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Unit of study_

CHEM3912: Materials Chemistry (Adv)

This course concerns the inorganic chemistry of solid-state materials: compounds that possess 'infinite' bonding networks. The extended structure of solid materials gives rise to a wide range of important chemical, mechanical, electrical, magnetic and optical properties. Consequently, such materials are of enormous technological significance as well as fundamental curiosity. In this course you will learn how chemistry can be used to design and synthesize novel materials with desirable properties. The course will start with familiar molecules such as C60 and examine their solid states to understand how the nature of chemical bonding changes in the solid state, leading to new properties such as electronic conduction. This will be the basis for a broader examination of how chemistry is related to structure, and how structure is related to properties such as catalytic activity, mechanical strength, magnetism, and superconductivity. The symmetry of solids will be used explain how their structures are classified, how they can transform between related structures when external conditions such as temperature, pressure and electric field are changed, and how this can be exploited in technological applications such as sensors and switches. Key techniques used to characterise solid-state materials will be covered, particularly X-ray diffraction, microscopy, and physical property measurements. CHEM3912 students attend the same lectures as CHEM3112 students, but attend an additional advanced seminar series comprising one lecture a week for 12 weeks.


Academic unit Chemistry Academic Operations
Unit code CHEM3912
Unit name Materials Chemistry (Adv)
Session, year
Semester 1, 2020
Attendance mode Normal day
Location Camperdown/Darlington, Sydney
Credit points 6

Enrolment rules

[(65 or greater in (CHEM2401 or CHEM2911 or CHEM2915)) AND (65 or greater in (CHEM2402 or CHEM2912 or CHEM2916))] OR (65 or greater in (CHEM2521 or CHEM2921 or CHEM2991))
Available to study abroad and exchange students


Teaching staff and contact details

Coordinator Girish Lakhwani,
Lecturer(s) Ronald James Clarke ,
Administrative staff For queries, please contact Chemistry Education Support team at
Type Description Weight Due Length
Final exam Examination
Written examination made up of short answer questions.
36% Formal exam period 2 hours
Outcomes assessed: LO1 LO2 LO8
Assignment hurdle task Investigative lab report and presentation
Lab report submitted on Canvas and Presentation done online.
33% Multiple weeks See canvas for details
Outcomes assessed: LO3 LO4 LO5 LO6 LO7 LO8
Assignment Written Assignment(s)
Written assignment(s). See canvas for details
24% Multiple weeks See canvas for details
Outcomes assessed: LO1 LO2 LO4 LO7 LO8
Assignment Adv assignment 1
Advanced assignment(s). See canvas for details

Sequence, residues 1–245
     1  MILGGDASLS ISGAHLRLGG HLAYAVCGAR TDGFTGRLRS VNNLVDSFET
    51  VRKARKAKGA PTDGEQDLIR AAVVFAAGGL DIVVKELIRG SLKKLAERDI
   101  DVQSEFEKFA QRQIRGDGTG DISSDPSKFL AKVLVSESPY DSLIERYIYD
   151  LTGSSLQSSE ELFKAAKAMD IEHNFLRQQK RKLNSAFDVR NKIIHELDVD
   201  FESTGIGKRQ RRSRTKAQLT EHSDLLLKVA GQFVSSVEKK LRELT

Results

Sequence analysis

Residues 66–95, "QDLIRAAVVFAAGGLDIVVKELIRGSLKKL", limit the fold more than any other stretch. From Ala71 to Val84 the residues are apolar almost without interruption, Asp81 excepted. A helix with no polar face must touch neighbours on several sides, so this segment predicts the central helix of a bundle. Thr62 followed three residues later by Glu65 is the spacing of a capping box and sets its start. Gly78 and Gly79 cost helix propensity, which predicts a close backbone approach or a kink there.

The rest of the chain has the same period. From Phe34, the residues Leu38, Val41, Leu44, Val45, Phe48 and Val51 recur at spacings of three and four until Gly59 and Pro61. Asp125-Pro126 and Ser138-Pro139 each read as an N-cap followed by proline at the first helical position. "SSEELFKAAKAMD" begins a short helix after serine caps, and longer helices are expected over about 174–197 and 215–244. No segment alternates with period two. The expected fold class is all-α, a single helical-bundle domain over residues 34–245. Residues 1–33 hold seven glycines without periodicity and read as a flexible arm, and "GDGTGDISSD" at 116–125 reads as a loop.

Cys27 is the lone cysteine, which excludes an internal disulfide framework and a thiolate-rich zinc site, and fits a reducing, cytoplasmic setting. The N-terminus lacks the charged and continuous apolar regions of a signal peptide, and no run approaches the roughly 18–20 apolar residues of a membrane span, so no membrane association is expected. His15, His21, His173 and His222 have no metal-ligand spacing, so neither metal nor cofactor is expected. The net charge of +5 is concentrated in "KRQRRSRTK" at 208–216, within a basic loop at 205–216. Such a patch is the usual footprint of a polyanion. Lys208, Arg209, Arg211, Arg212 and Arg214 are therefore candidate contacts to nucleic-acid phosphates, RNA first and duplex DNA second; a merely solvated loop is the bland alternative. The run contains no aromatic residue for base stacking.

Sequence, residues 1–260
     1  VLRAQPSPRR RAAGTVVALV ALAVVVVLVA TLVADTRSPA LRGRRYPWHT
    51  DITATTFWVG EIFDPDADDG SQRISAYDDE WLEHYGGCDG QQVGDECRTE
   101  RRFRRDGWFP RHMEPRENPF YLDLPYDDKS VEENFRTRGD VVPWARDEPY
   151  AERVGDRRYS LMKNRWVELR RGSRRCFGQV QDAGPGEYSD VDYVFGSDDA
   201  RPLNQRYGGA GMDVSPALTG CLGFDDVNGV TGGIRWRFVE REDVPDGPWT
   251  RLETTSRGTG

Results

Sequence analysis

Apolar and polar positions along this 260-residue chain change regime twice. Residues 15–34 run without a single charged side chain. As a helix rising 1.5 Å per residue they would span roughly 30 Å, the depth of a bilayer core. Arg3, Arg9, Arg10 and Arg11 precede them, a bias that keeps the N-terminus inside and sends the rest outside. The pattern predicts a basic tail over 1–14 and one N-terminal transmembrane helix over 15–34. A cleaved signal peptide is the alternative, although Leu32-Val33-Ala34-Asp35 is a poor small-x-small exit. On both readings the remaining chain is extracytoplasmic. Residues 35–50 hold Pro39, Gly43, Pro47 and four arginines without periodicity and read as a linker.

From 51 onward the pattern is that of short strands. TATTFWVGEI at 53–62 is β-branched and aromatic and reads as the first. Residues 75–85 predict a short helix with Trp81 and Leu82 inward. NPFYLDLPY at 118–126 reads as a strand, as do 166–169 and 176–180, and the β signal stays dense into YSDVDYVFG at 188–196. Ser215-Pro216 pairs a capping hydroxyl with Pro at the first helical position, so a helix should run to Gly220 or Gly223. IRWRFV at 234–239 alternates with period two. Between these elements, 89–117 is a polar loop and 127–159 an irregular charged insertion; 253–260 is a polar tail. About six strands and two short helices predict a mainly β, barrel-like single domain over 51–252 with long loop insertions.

7% Multiple weeks See canvas for details
Outcomes assessed: LO4 LO7 LO8
hurdle task = hurdle task ?
  • Examination: The theory course represents 67% of the unit mark. The theory component of the course must be passed for the unit for the unit to be passed. The final examination is worth 54% of the theory mark. It covers the whole of the lecture course and is made up of short answer questions. Past exam papers are available on the Canvas site for this unit. Theory component also includes written assignment.
  • Laboratory: The laboratory course represents 33% of the unit mark for students enrolled in CHEM3912. It is assessed through a variety of in-class and online activities. The laboratory course must be passed for the unit for the unit to be passed. In addition, you must attend 90% of allocated experimental sessions to pass the laboratory course.

Detailed information for each assessment can be found on Canvas.

Assessment criteria

The University awards common result grades, set out in the Coursework Policy 2014 (Schedule 1).

As a general guide, a High distinction indicates work of an exceptional standard, a Distinction a very high standard, a credit a good standard, and a pass an acceptable standard.

Result name

Mark range


High distinction

85 - 100

At HD level, a student demonstrates a flair for the subject as well as a detailed and
comprehensive understanding of the unit material. A ‘High Distinction’
reflects exceptional achievement and is awarded to a student who demonstrates the
ability to apply their subject knowledge and understanding to produce original
solutions for novel or highly complex problems and/or comprehensive critical
discussions of theoretical concepts.


75 - 84

At DI level, a student demonstrates an aptitude for the subject and a well developed understanding of the unit material. A ‘Distinction’ reflects excellent achievement and is awarded to a student who demonstrates an ability to apply their subject knowledge
and understanding of the subject to produce good solutions for challenging problems
and/or a reasonably well-developed critical analysis of theoretical concepts.


65 - 74

At CR level, a student demonstrates a good command and knowledge of the unit
material. A ‘Credit’ reflects solid achievement and is awarded to a student who has a
broad general understanding of the unit material and can solve routine problems
and/or identify and superficially discuss theoretical concepts.


50 - 64

At PS level, a student demonstrates proficiency in the unit material. A ‘Pass’
reflects satisfactory achievement and is awarded to a student who has threshold


0 - 49

When you don’t meet the learning outcomes of the unit to a satisfactory standard.

For more information see

Late submission

In accordance with University policy, these penalties apply when written work is submitted after 11:59pm on the due date:

  • Deduction of 5% of the maximum mark for each calendar day after the due date.
  • After ten calendar days late, a mark of zero will be awarded.

Special consideration

If you experience short-term circumstances beyond your control, such as illness, injury or misadventure or if you have essential commitments which impact your preparation or performance in an assessment, you may be eligible for special consideration or special arrangements.